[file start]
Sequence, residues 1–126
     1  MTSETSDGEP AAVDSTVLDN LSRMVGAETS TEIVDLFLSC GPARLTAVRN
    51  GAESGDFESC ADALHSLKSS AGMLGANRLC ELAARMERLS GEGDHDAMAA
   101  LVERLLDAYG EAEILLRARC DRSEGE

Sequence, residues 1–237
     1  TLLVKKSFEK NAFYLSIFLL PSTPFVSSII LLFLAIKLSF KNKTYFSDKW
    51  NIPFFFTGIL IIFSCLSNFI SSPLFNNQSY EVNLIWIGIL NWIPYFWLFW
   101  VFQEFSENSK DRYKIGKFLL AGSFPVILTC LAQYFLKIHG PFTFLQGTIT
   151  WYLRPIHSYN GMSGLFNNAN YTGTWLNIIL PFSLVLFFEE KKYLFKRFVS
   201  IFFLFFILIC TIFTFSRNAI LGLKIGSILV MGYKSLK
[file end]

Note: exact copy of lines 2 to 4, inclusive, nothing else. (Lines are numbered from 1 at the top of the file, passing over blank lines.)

     1  MTSETSDGEP AAVDSTVLDN LSRMVGAETS TEIVDLFLSC GPARLTAVRN
    51  GAESGDFESC ADALHSLKSS AGMLGANRLC ELAARMERLS GEGDHDAMAA
   101  LVERLLDAYG EAEILLRARC DRSEGE